The Hottest Dishes of the Tartar Cuisine is the funniest book that I've read this year. While this novel is certainly eventful, the best and most appealing element of this novel is the voice. Holy cannoli, can Alina Bronsky write a character that pops off the page. We see the world from Rosalinda Achmetowna's point of view. And boy, what she sees and who she has to deal with leaves much to be desired. And that she spares no one, not even her daughter Sulfia, will have you rolling on the floor. Can you blame her? Sulfia's unattractive, dull-witted, and utterly useless. Don't get her started on her husband Kolganow.
But they're her family so she does what she has to to survive.
On Sulfia, her only child:
I had heard that goat's milk made you strong and healthy, and Sulfia was so scrawny.
Every morning and every evening Sulfia got a glass of freshly milked goat's milk. Obviously boiled, because everything out here was full of germs. I boiled it myself using a cast-iron cauldron built into their earthen stove. Sulfia made a rueful face whenever she saw the full cup. She didn't like the taste. I told her it was a vaccination against stupidity. Sulfia sniffed the cup, disgusted, unhappy. She looked at me. My gaze was enough to make other people jump out of a window. So it was child's play to make Sulfia drink her goat's milk. The first time she gulped it down. Then she grabbed her stomach. When you drank it so quickly, naturally you got a stomache ache. Sulfia's pathetic expression drove me nuts. Then she suddenly put her hands over her mouth, ran out, and threw up into the raspberry patch outside. She was a brave little girl and would never have made a mess on the floor. After she had regurgitated the goat's milk, I gave her a second cup and made sure she drank it very slowly. I'm not sure she would have survived to school age without this milk. I sacrificed myself for her betterment.
I myself didn't drink any goat's milk. I did taste it once out of curiosity, after Sulfia complained about its bitterness--she never complained about things otherwise. I took a sip and instantly dashed out to the raspberry bushes. Yes, this milk was not enjoyable stuff, and I was happy I wasn't the one who had to drink it.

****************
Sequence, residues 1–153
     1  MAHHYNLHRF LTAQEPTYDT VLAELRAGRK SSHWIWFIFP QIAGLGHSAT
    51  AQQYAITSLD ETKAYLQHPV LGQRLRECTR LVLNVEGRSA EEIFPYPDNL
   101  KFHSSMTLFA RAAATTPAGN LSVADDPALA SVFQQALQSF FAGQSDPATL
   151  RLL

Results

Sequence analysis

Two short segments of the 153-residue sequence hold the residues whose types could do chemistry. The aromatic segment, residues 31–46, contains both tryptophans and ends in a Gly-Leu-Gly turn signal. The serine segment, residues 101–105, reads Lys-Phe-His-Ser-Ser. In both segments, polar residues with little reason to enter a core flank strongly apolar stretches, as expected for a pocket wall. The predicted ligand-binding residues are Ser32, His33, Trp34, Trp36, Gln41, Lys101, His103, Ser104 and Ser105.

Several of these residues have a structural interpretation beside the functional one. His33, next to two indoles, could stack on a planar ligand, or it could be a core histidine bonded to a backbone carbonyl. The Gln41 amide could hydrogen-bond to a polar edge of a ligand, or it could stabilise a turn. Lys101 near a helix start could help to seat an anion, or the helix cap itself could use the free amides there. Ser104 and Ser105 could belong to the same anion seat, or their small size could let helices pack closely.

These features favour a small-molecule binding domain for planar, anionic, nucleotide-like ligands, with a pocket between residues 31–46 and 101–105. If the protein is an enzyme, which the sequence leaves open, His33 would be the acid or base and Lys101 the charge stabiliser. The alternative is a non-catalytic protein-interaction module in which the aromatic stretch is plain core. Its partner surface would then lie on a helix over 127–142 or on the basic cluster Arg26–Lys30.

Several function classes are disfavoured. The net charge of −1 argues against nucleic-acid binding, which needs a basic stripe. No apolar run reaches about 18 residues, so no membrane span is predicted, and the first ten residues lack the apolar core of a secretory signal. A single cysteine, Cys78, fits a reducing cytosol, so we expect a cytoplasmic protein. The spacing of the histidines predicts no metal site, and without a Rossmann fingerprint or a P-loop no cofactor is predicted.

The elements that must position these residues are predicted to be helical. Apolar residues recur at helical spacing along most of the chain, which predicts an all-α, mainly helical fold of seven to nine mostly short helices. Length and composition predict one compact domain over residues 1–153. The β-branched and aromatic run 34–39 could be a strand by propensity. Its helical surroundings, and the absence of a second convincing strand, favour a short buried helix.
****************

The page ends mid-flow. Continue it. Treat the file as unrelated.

So get to the point already: The Hottest Dishes of the Tartar Cuisine is set in the 1970s in the Soviet Union. At the opening of the novel, we learn that anthrax spores have leaked from a lab and that Rosa's daughter Sulfia is pregnant. Rosa doesn't think much of her daughter. She uses a few natural methods to abort the child--who was purportedly conceived because Sulfia dreamt about a man--before their flatmate Klavdia, who works at a birthing center, volunteers to take care of it. It appears that she's successful until Sulfia shows clear signs of pregnancy.
"Must have been twins," Klavdia said, shrugging her shoulders. "So what?"
To her surprise, Rosa finds in her newborn granddaughter Aminat all that was lacking in Sulfia. And she intends to raise this child right, despite Sulfia's inability to do anything. So we follow Rosa, Aminat, and Sulfia--Kolganow pops up here and there but this book is about the women--through lean times, through extra-marital affairs (Rosa's and Kolganow's), through failed marriages (Sulfia's) to Germany, where they shack up with Sulfia's former patient, a German cookbook writer who fell sick in the Soviet Union while researching Tartar cuisine but had, through some scheming on Rosa's part, brought the women to live with him.
I don't want to leave you with the impression that this is all laughs. There are glimpses of a different reality--in Aminat's sad childhood and the social/political landscape that serves as a backdrop to the story--that peek through Rosa's cutting remarks. She had no choice, at least in her way of thinking.
I mini-raved about this book on its release date and I'll rave again. This book is my favorite read of the year and it will appeal to those of you looking for a refreshing read with a wickedly funny protagonist who you'll love to hate. I cannot wait to see what Alina Bronsky has planned, though I won't ask her about if I ever see her in person. In the meantime, I'm glad that I have her first novel, Broken Glass Park, to turn to while I wait.